And now for something complete different. Thought it was time to switch it up a little on the Blog and probably more of a driver to finally get a collection from the small world out of my queue. This is one of those posts that makes me cringe through the entire process. First, taking the actual picture puts you waaaay to close to these creatures. Second, processing them forces you to zoom even closer into the shots to check crispiness and worst of all, researching what it is we are staring out gives me a serious case of the heebee jeebees. Taking that lead.. here’s a bee
An immediate confession is needed here. I suck at identifying insects and arachnids so be forewarned, I’m going to leave you hanging on some of these but most of the time I should be able to get you close. In this particular situation close means I can identify the subject as a member of the bee family, but much more than that would be a stretch. If threatened with waterboarding I’d take a guess that it is a Common Eastern Bubble Bee based on numerous reference shots. On the learning side, that beige blob on the hind leg of the bee is called a Pollen Basket where the Bee places pollen grains (who’d a thought) in for the trip back to the hive.
Next up one I probably owe a HUGE apology to. I believe this is a Big Dipper Firefly or more commonly referred to in my neck of the woods, the Lightening Bug.
The Insect Identification website (link here) makes a point to mention how harmless these creatures are and how you should never put them in a jar because it stresses them. The good news I didn’t STRESS them by putting them in a jar. Nope I basically slaughtered them by the thousands when I was growing with a yellow wiffleball bat. Literally thousands if not millions. Midwest kids are generally damn good baseball hitters for what I believe is due to the bioluminescence of these bugs — err more correctly “beetles” posses. Every Summer night we were out in the dark smacking the hell out of them with our bats (or tennis racquets if that happens to be your sport) in order to watch the chemical light show splatter into the darkness from a well place swing. If you can nail a lightening bug in the dark you can hit a giant baseball with ease.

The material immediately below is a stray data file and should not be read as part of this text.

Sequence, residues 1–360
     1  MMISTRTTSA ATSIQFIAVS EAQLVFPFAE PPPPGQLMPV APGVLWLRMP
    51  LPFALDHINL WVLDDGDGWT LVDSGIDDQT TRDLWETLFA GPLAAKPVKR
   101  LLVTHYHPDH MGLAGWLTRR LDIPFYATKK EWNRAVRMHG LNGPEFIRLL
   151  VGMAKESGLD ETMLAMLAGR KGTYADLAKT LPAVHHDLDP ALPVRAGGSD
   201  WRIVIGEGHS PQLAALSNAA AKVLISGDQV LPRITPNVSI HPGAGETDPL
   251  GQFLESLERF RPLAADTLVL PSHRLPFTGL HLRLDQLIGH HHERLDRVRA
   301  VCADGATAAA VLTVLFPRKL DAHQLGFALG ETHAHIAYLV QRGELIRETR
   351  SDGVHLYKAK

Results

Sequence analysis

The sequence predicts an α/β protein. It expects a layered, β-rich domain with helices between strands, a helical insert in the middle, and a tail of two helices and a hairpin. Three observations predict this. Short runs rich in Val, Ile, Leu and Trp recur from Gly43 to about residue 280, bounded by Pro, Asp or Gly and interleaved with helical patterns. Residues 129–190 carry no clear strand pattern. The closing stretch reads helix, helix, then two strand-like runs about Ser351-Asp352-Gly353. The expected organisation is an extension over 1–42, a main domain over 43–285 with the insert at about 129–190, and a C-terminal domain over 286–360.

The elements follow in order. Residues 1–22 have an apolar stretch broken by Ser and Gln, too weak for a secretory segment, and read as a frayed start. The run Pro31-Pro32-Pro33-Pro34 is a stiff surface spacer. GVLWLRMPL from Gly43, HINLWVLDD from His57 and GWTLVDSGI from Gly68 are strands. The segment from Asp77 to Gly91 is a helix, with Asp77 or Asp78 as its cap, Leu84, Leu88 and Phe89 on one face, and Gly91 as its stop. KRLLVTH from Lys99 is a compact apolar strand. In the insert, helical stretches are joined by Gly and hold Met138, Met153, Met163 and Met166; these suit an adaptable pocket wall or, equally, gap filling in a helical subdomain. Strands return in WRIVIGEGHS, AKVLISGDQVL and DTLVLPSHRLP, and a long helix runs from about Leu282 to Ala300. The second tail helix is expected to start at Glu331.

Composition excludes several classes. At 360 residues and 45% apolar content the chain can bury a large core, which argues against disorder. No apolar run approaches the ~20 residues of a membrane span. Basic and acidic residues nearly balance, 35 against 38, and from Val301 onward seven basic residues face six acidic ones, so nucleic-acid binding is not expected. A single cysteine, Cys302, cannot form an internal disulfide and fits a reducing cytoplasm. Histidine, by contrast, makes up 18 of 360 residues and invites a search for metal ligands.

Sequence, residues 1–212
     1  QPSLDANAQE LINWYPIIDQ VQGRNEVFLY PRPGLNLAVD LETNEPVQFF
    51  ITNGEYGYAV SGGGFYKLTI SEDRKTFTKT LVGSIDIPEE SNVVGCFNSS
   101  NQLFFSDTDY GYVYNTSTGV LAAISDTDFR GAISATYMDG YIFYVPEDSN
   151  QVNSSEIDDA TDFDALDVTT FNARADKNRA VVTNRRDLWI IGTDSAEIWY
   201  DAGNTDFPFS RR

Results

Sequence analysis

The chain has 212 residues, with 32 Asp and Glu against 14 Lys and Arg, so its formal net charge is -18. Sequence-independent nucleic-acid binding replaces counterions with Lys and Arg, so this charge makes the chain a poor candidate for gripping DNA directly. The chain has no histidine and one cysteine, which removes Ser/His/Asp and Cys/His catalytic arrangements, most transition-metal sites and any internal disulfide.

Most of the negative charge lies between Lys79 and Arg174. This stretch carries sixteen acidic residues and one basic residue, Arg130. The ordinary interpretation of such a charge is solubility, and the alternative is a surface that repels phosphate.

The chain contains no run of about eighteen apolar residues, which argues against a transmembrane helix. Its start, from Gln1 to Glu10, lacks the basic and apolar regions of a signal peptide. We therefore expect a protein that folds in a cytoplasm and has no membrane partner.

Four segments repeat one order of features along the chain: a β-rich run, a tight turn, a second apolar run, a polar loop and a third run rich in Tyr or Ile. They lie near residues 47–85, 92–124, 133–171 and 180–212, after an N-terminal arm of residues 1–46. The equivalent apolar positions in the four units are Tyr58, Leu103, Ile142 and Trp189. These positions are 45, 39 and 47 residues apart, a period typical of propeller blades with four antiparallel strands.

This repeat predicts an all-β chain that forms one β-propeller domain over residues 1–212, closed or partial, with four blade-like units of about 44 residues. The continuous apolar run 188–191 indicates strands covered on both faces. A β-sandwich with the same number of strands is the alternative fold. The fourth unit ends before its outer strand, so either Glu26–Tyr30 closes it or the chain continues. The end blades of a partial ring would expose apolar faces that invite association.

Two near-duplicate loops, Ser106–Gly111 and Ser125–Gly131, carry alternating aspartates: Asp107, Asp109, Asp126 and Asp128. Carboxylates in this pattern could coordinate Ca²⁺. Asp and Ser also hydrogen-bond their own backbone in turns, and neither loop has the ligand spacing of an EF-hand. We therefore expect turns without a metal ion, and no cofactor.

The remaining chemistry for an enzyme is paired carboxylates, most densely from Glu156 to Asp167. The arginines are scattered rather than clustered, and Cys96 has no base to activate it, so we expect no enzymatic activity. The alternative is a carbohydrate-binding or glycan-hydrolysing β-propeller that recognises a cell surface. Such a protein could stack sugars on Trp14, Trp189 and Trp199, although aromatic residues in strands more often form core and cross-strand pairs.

I can still remember putting the bat away at the end of the night and it still glowing brightly from the night’s home runs. It may not have been eco-friendly but it kept us from planning more devious activities.
Hit the jump to see bunch more insects collected since my last bug post.
Next up is a full on guess. The Insect ID web gave a couple of options in their Illinois breakdown. One is the Long Legged Fly (link here) and the other is the Small House Fly (link here). To be honest, none of the reference pictures for either one really look like a dead on match.
I can’t tell you how many times I went up and down that list of Illinois bugs but none of the pictures they had really nailed the bright yellow/gold coloring with the burnt red eyes that this creature possessed.
Regardless it is still a pretty cool insect – it might be a juvi which is why it is hard to identify
The next beetle that was originally confusing to me was these two taken a the pond in Jubilee State Park. The feathered subjects were in short supply which meant I had to direct the big glass towards the creepy leaf world.